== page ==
Lennar CEO Cites Scarcity of Developable Land as Housing Hurdle

lennar ceo cites scarcity of developable land as housing hurdle.jpg Business

In an era where land is becoming an increasingly scarce resource, Lennar’s CEO Stuart Miller has sounded the alarm on the next significant challenge facing the housing industry. On the company’s recent earnings call, Miller highlighted the escalating cost and scarcity of developed land, which he believes will limit the supply of new homes and perpetuate the existing supply-demand imbalance in the housing market. Despite impressive quarterly orders and an optimistic forecast for fourth quarter deliveries, the looming land issue is a cause for concern for homebuilders like Lennar.

The irony of a country as vast as the US experiencing a shortage of land for housing isn’t lost on industry observers. Homebuilders are on a constant hunt for land, often resorting to acquisitions of companies with attractive land pipelines to fuel their growth. However, land doesn’t come cheap. The cost per acre can range from a few thousand dollars to tens of thousands, putting significant pressure on cash flows and balance sheets. This escalating cost and scarcity of land have led Lennar to refine its land strategy, casting a spotlight on a critical issue that could shape the future of the housing industry.

Lennar’s CEO Stuart Miller Concerned About Land Scarcity and Its Impact on Housing Supply

Lennar’s CEO, Stuart Miller, expressed concerns about the scarcity and increasing cost of developed land during the company’s recent quarter earnings call. He warned that the shortage of developed land is likely to limit the new supply of homes, thereby maintaining the imbalance between supply and demand.

Hungry For Land

Homebuilders are in desperate search of land, even though the US offers vast open spaces. Companies like Lennar have managed to grow through acquisitions of companies with cherished land pipelines. However, land acquisition is not cheap. The cost can range from a few thousand dollars per acre to tens of thousands of dollars for a lot, putting a strain on cash flows and balance sheets. This has led Lennar to fine-tune its land strategy.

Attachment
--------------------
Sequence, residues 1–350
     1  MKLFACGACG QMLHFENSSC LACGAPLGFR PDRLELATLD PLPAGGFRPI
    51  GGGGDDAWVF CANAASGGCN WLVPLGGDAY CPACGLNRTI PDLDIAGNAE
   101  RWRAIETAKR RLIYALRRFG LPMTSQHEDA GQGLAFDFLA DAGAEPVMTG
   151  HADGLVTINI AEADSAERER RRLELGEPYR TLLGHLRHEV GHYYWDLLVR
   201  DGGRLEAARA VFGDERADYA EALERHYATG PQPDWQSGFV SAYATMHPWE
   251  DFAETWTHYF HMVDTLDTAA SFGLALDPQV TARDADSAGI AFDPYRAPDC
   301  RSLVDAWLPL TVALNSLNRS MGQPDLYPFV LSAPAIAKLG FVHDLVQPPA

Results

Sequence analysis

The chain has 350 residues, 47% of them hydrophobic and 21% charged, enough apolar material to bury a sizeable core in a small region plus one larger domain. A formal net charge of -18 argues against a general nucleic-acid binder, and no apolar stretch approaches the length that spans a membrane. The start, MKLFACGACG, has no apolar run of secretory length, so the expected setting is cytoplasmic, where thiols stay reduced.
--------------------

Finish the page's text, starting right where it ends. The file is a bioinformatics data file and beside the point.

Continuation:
Working Strategically

In the third quarter, Lennar has been effectively working with strategic land and land bank partners to purchase land. Jonathan Jaffe, co-CEO president & director of Lennar, revealed that about 85% of their $1.5 billion land acquisition included finished homesites purchased from various land structures. He also highlighted that the company’s year’s supply of owned homesites improved to 1.5 years from 2.2 years, and their controlled homesite percentage increased to 73% from 79%.

Inventory and Community Growth

By the end of the third quarter, Lennar owned and controlled a total of 391,000 homesites. The company also made significant strides in reducing cycle time and owned land, which in turn increased cash flow and improved inventory churn. The community count stood at 1,253, a 5% increase from last year, and executives expect this growth to reach high single digits by the end of the year.

The Future is Bright

Despite the challenges, Lennar’s outlook is quite bullish. For the fourth quarter, the company expects to deliver between 21,500 to 22,500 homes, surpassing Bloomberg analysts’ estimate of 20,446 homes. Lennar also forecasts a strong 2024, with Miller stating, "We are positioned for a very strong 2024 right now. We have the land. We have it identified. It is under contract or in our pipeline. It is under development."


The issue of land scarcity is a serious concern for the housing industry. However, companies like Lennar are strategically addressing this challenge through partnerships and efficient land strategies. Despite the challenges, the company remains optimistic about the future, indicating a resilient and adaptable approach to the housing market’s evolving dynamics.

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